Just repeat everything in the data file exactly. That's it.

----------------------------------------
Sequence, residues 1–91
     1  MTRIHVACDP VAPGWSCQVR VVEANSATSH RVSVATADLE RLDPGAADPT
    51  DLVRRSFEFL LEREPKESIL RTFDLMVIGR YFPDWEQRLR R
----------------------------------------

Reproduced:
Sequence, residues 1–91
     1  MTRIHVACDP VAPGWSCQVR VVEANSATSH RVSVATADLE RLDPGAADPT
    51  DLVRRSFEFL LEREPKESIL RTFDLMVIGR YFPDWEQRLR R